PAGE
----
KINGSTON, Jamaica – Jamaica’s Reggae Boyz served up a much-improved performance by slamming Aruba 6-0 in their CONCACAF Nations League Group C return-round encounter at Stadion Ergilio Hato in Curacao on Tuesday night.
That result followed an unconvincing 2-0 win by the 1998 FIFA World Cup qualifiers at their home base at Kingston’s National Stadium three days earlier over a nation ranked closer to 200 on FIFA Coca-Cola list.
Despite taking an early 13th-minute lead on a strike from Devon Williams, his first for Jamaica, the Boyz struggled to break down a solid and disciplined Aruban outfit which relied solely on counter-attacks.
Shamar Nicholson missed a chance to add to the lead on 77 minutes when he blasted a penalty kick wildly over the crossbar, but he made amends two minutes from full time when he made the game safe with a cute finish.
Aruban captain and goalkeeper Eric Abdul had promised much of the same for the return game, being played in Curacao instead of Aruba, as their home field was not approved by FIFA.
According to Abdul, Aruba was the underdog and it was their plan to make the game as difficult as possible for the more established Jamaican team, so they weren’t going to play an open attacking game and make it easy for the better team.
But Jamaica’s head coach Theodore Whitmore had other ideas and he employed a more attacking formation, employing a 4-1-4-1 system instead of the 4-2-3-1 he used on Saturday. In essence, what he did was to withdraw one of his two defensive midfielders for a more attacking midfielder to guarantee more numbers in Aruba’s final third of the field.
Whitmore also tested the depth of his squad by making six changes to the starting team, and he was vindicated with a more fluent display which resulted in goals and much-needed confidence boost for a number of players, as four of them—Chavany Willis, Maalique Foster, schoolboy Lamar Walker, and Junior Flemmings—scored their maiden goals for Jamaica.
In fact, Foster had a double to add to another by Nicholson. Jamaica led 4-0 at the half-time break and added two within eight minutes of the restart.
The result left Jamaica firmly on top of the group of four teams with maximum 12 points, with 18 unanswered goals, followed by Guyana and Antigua and Barbuda with six points, and Aruba rooted at the foot of the table without a point. All teams have played four games.
Jamaica needs just one point to guarantee top spot from the remaining two games, and automatic qualification to the next CONCACAF Gold Cup Tournament.
The Jamaicans have also further cemented their place in the top six of CONCACAF ranking, which would secure them a place in the hexagonal of the FIFA World Cup Qualifiers, a significant boost to their chances for the 2022 Qatar World Cup Finals.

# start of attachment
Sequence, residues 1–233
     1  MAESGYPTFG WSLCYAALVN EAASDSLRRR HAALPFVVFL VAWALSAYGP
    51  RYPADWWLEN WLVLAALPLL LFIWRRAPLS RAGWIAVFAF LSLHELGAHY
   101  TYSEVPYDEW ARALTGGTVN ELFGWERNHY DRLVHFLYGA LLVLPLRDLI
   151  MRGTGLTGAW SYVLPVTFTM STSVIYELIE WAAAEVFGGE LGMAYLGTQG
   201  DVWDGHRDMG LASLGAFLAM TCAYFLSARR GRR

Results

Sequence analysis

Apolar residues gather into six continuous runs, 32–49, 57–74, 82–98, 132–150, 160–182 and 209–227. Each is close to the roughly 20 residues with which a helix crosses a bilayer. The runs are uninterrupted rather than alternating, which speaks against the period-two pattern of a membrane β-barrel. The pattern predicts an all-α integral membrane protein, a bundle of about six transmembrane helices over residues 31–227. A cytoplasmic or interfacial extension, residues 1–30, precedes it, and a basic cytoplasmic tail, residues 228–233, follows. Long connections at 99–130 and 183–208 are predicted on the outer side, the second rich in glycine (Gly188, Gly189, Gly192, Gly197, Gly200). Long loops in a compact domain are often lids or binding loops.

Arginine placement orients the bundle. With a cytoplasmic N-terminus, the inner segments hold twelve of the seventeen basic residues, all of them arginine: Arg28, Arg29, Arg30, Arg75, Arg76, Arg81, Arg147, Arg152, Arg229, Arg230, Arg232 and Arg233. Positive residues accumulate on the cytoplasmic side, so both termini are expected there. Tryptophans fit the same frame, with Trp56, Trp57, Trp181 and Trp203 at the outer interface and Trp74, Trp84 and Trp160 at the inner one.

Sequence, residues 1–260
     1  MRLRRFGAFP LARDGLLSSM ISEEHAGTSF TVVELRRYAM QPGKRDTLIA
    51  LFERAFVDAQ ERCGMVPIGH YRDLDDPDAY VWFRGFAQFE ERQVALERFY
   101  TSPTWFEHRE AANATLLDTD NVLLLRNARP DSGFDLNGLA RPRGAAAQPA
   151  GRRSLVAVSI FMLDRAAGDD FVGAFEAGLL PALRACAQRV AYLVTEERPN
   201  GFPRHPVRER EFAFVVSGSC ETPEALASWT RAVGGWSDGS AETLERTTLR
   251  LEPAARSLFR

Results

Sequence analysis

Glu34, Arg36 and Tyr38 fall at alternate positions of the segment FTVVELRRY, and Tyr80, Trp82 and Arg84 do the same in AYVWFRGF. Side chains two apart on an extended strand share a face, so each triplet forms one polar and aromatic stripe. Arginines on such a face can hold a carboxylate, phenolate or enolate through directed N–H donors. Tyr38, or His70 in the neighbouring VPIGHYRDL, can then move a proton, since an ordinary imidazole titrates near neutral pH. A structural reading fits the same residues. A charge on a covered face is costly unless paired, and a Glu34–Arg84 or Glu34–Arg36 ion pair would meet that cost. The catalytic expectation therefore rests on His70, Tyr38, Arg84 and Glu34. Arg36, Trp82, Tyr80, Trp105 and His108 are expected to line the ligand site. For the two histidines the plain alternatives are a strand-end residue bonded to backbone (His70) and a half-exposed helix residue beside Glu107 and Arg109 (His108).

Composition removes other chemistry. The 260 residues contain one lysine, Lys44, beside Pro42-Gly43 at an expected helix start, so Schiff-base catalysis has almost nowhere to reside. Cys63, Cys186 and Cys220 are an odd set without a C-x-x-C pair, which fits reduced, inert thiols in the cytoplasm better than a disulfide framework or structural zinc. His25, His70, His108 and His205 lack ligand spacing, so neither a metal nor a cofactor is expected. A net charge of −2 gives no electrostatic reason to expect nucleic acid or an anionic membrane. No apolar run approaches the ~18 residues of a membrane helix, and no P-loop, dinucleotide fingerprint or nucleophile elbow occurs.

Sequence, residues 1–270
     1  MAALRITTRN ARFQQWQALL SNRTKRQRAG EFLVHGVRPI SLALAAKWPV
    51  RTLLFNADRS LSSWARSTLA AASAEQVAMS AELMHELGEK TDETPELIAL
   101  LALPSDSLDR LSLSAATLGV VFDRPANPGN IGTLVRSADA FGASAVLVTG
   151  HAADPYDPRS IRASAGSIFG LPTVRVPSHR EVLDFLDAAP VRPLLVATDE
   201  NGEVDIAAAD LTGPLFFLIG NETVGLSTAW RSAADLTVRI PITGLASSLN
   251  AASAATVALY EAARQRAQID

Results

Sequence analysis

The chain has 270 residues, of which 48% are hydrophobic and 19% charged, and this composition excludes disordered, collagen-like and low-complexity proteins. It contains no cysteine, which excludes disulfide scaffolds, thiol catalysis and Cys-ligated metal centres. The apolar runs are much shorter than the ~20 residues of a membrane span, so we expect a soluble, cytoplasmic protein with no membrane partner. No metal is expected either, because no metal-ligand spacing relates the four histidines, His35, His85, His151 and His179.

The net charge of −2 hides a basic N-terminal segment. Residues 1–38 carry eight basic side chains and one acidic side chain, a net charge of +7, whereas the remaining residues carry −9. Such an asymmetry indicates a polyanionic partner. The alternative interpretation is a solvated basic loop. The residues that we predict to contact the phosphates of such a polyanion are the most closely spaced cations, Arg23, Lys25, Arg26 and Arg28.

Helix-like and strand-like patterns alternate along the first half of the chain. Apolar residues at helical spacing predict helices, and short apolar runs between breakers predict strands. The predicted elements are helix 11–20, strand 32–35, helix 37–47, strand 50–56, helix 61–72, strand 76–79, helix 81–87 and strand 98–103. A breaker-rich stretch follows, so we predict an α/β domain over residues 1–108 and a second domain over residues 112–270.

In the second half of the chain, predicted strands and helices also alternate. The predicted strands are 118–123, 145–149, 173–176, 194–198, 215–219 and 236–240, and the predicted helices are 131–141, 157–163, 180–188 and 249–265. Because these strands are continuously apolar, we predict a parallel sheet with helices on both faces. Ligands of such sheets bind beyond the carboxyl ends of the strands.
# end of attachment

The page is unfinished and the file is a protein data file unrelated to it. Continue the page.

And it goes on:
So when all is said and done, Whitmore and his technical staff are making progress with this Reggae Boyz squad, and they are doing it without a lot of fanfare.
Whitmore is fully aware of the necessity to have a team with flexibility where different combinations can be employed, and so he thought Tuesday’s contest was as good as any to experiment and it paid off in the end with both the performance and the result.
Substitute goalkeeper Amal Knight was given a chance between the sticks and though never tested often, was alert when he needed to be, while the top five attacking players played together for the first time and the level of chemistry displayed was admirable.
It was also refreshing to see the introduction of Clarendon College schoolboy star Lamar Walker in only his second game, dictating proceedings from midfield.
The little player was energetic, thoughtful, cheeky, and confident, and his teammates gifted him with the ball whenever he presented himself, which was often.
And the fact that he notched a decent goal, bursting forward on a counter-attack and displaying the composure of a seasoned player to glide past the advancing Abdul in goal before slotting into an empty net, speaks volumes for his potential for what lays ahead if he is able to keep grounded and properly counseled.
But experience has taught us that as a people we always find a way to disrupt a good thing, and it is the hope that the players and the local governing body, the Jamaica Football Federation, will continue to enjoy a good relationship. Whitmore has done a good job trying his best to keep the players focused on the field—while being as accommodating as possible with the “off the field” issues, as they keep their eyes on the big picture of World Cup qualification.